This article seeks to provide an account of the political biases at stake in the conceptualisation of medieval English history in Ethelwina, Or The House of Fitz-Auburne (1799), the first fiction of the prolific Gothic romancer-turned-Royal Body Guard T. J. Horsley, Curties. Having considered Curties‘s portrayal of the reign of King Edward III in the narrative in relation to formal historiographies of the period, the article turns to address the politics of Curties‘s appropriation of Shakespeare‘s Hamlet.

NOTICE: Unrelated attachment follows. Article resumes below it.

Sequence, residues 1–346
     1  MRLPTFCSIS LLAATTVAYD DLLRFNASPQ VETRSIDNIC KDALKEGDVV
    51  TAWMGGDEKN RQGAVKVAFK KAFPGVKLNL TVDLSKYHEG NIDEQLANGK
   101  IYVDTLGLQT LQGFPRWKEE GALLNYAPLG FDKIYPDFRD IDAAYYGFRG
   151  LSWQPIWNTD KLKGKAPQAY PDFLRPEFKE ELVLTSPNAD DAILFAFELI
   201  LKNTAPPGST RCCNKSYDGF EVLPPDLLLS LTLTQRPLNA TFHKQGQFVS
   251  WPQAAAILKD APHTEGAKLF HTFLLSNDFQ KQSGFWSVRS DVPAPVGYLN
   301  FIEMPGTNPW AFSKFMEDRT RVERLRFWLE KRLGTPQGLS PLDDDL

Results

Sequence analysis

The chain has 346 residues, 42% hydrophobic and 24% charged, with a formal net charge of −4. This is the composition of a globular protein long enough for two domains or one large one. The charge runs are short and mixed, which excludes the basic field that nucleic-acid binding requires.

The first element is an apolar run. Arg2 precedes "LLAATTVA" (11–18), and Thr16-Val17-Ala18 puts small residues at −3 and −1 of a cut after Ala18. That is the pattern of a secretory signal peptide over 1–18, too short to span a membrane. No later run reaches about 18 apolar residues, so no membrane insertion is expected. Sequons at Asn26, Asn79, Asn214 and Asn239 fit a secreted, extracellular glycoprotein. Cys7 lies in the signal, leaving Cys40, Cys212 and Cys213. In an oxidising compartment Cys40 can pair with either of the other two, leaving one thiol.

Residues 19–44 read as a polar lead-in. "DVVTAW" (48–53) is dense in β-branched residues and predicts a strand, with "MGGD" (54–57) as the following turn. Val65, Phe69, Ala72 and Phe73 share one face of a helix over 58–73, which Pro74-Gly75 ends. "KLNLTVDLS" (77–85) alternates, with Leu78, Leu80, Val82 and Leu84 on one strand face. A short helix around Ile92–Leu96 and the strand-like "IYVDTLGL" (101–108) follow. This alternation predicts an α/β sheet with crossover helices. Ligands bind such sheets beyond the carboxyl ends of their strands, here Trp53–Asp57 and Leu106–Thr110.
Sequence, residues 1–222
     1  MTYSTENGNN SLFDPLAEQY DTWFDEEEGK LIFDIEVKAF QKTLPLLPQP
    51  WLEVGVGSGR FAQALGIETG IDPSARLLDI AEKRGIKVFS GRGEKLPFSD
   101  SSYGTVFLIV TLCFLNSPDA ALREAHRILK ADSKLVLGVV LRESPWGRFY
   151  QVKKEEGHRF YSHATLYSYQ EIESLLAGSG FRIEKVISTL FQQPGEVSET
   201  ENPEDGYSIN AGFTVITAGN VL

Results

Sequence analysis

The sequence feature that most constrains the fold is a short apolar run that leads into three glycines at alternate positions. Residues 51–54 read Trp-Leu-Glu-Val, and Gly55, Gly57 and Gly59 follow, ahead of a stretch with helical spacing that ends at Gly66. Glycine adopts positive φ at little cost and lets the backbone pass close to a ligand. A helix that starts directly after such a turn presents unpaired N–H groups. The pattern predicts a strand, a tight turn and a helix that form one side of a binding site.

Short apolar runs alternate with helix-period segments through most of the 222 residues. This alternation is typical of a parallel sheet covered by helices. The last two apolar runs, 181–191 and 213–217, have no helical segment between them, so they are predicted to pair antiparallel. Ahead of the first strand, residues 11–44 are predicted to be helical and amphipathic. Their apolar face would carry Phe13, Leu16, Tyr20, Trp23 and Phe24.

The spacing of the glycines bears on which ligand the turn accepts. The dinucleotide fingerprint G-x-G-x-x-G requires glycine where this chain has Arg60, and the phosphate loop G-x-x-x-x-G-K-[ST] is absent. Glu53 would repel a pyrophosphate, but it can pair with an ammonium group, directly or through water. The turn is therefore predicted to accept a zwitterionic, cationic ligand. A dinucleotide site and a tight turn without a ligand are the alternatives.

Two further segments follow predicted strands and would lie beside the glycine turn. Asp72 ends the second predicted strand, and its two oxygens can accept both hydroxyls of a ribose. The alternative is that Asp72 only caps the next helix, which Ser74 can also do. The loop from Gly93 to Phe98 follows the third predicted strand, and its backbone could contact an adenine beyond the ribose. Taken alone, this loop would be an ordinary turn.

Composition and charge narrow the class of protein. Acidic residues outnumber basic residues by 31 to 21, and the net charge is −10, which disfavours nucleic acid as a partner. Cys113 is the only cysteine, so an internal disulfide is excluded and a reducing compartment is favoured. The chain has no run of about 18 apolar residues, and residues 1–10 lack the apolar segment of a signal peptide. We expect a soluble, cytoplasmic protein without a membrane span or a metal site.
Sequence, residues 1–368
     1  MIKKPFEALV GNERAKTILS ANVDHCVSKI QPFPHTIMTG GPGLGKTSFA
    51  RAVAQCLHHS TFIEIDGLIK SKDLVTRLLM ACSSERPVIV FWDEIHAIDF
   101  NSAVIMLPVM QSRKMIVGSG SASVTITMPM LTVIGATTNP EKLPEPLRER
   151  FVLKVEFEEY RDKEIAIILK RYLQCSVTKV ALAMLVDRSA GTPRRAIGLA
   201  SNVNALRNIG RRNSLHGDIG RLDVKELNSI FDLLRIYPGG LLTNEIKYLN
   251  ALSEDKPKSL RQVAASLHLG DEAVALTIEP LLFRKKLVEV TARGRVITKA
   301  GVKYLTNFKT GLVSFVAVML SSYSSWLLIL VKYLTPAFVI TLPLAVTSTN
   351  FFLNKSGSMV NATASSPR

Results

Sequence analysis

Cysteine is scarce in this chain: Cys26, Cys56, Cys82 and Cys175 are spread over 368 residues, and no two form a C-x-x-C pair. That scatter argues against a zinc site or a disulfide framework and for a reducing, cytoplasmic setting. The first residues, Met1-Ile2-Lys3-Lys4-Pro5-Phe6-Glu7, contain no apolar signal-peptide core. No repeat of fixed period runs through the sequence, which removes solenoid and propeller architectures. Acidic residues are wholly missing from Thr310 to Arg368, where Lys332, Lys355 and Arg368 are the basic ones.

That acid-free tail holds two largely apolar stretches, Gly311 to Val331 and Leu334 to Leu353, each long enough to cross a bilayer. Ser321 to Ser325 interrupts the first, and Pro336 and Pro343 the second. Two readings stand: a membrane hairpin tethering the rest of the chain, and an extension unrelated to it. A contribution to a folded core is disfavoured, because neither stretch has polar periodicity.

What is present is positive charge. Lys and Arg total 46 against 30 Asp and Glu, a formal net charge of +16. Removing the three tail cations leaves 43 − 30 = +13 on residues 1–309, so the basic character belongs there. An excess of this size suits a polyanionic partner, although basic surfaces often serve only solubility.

The Puritan Revolution of mid-seventeenth-century England produced an explosion of new and important political thinking. In addition to most famous thinkers, Thomas Hobbes, Sir Robert Filmer and the Levellers, there are other important figures who have been relatively neglected, of whom Anthony Ascham is one. This book is the first full-scale study of Ascham's political thought. Ascham's works were intended to convince lay Presbyterians and royalists to adhere to the policy of national pacification implemented from 1648 by the Independent 'party' within Parliament. From 1648 to 1650 Ascham's propaganda primarily dealt with the issue of the validity of oaths, and insisted on the reciprocal relation between obedience and protection. The first part of Ascham's Discourse focused on 'what things, and how farre a man may lawfully conform to the power and commands of those who hold a kingdome divided by civill warre'. Ascham adopted a twofold line of argument: in the first, he sought to demonstrate that war was consistent with natural law and scripture. Secondly, not all types of war were consistent with the Christian religion and the natural law of self-preservation, only the defensive war. Ascham's natural law theory, which he drew from Hugo Grotius, Thomas Hobbes and John Selden, had therefore both civil and religious implications. Ascham proposed a synthesis between Grotius and Niccolò Machiavelli, underlining the priority of state order over political participation, and justifying war as a means of accessing power only to confirm the necessity of re-establishing order.